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South Sudan religious leaders cry out for help: 'People are dying as we speak'
"Children and women are those most affected. They will be exposed to a variety of epidemics and to starvation if they don't get help soon."
By Oliver Maksan
NEW YORK— Religious leaders of South Sudan have issued an urgent appeal for help from the international community. The fledgling nation’s Catholic, Protestant and Islamic leaders spoke out on behalf of their people in Mundri region, who, fleeing heavy fighting, are now forced to live in devastating conditions. Thousands of human lives are at risk, the leaders said in a letter sent to international Catholic charity Aid to the Church in Need.
"As we speak people are already dying, and in particular children and elderly people. During the past two months more than 80,000 people have been forced to live in the bush and the jungle. Children and women are those most affected. They will be exposed to a variety of epidemics and to starvation if they don't get help soon," said the leaders, who called for an immediate cessation of all military operations in the Mundri region so that humanitarian supplies can be brought in.
missionary Father David Kulandai Samy, MMI, reported: "Our people
who have moved into bushes are facing untold misery; particularly children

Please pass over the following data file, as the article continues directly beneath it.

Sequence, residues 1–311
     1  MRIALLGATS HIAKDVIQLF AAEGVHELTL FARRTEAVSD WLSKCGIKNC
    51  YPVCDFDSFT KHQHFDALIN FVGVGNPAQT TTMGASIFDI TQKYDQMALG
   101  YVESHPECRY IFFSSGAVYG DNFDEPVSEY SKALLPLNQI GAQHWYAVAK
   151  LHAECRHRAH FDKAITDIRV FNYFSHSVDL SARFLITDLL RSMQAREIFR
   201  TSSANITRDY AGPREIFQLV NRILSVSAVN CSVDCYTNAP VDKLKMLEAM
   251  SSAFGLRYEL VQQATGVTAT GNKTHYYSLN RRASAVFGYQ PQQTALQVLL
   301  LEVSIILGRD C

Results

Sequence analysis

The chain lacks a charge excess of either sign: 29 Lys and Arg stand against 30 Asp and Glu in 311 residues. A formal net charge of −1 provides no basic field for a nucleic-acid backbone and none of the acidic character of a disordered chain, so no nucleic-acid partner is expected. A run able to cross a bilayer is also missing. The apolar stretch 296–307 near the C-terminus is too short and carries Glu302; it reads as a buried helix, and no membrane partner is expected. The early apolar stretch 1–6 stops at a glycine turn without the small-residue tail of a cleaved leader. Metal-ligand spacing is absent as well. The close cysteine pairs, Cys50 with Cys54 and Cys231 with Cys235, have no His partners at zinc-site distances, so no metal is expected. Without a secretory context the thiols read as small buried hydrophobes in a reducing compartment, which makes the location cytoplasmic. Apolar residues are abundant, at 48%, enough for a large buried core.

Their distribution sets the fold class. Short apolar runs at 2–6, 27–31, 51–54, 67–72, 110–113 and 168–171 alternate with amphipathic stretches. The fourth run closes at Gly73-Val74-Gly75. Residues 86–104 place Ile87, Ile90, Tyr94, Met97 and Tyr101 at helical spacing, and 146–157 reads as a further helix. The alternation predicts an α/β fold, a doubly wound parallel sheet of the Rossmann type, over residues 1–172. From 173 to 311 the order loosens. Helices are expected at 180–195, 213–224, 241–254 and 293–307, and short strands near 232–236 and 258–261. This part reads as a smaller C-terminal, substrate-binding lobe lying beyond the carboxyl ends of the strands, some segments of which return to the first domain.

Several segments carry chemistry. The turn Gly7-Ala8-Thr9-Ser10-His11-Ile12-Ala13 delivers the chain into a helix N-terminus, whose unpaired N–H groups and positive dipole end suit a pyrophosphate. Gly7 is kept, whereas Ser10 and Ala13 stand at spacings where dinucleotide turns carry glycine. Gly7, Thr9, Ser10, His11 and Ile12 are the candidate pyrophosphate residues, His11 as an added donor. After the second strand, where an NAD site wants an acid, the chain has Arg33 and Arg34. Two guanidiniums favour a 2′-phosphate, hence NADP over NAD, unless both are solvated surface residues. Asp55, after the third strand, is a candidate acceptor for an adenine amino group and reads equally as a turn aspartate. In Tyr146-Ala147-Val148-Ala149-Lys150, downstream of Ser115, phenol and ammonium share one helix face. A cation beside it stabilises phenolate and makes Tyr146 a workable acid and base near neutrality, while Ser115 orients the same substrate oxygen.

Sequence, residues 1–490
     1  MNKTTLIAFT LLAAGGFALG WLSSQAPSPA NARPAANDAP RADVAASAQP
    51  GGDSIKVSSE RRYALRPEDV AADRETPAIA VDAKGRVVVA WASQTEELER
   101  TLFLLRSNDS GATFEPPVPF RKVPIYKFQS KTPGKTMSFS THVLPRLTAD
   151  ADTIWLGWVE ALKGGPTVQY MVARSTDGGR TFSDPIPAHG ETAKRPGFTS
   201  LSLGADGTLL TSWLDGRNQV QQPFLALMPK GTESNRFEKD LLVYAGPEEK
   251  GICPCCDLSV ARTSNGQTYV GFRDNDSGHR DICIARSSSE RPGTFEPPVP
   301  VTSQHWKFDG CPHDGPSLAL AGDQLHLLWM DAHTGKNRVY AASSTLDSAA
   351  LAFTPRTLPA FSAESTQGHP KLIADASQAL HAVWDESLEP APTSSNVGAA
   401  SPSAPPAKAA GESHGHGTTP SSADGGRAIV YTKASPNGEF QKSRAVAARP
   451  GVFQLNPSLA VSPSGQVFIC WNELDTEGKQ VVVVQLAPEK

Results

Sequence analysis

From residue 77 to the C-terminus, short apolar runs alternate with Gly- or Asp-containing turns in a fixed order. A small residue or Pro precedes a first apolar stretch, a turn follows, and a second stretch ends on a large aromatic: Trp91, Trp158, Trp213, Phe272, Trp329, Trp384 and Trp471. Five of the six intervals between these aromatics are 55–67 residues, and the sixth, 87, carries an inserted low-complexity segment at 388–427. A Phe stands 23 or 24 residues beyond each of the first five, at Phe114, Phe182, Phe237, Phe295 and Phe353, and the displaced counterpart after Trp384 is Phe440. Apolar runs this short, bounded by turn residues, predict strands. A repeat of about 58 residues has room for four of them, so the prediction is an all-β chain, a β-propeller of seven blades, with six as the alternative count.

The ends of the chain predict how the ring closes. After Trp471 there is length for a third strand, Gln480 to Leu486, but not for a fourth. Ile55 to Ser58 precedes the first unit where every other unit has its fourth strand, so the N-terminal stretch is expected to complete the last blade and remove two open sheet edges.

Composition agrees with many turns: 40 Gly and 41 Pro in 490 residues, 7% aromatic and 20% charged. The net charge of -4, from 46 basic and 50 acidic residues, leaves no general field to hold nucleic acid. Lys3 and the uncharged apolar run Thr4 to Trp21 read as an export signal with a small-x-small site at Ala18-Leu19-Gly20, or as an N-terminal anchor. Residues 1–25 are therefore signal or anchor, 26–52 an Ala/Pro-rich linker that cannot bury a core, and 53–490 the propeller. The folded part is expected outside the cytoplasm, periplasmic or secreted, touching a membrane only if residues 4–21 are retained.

suffer without food, water and medical assistance. Community people's standing
crops have been destroyed and their assets were looted, including cattle,"
said the priest, who himself only just managed to avoid
getting shot. "With the Grace of God we had a narrow escape from gunfire and we thank God
for having survived," he said.
The violence in the region is linked to a tribal conflict that broke out last September, against the backdrop of the country’s ongoing civil war. Nine fighters belonging to the Dinka tribe where killed by government troops—themselves belonging to the Nuer tribe—who also attacked members of the Moru tribe, who in turn attacked Dinka. Residents fleeing the outburst of violence briefly found refuge in Church facilities, but these too came under fire from government combat helicopters, which sparked a massive exodus to the bush. According to Father Samy, many people have been killed.
In a message to the West, the missionary said: "We would return as soon as the situation gets back to normal and work towards rebuilding the lives of the scattered Catholic families and other tribal communities. We would request you to pray for us and our community, which is undergoing incalculable misery and hardship."
Aid to the Church in Need has been helping the Church in Sudan and South Sudan for many decades. In 2014 the pastoral charity supported projects in both countries with a total of some $1M.
Life is cheap in South Sudan; ACN photo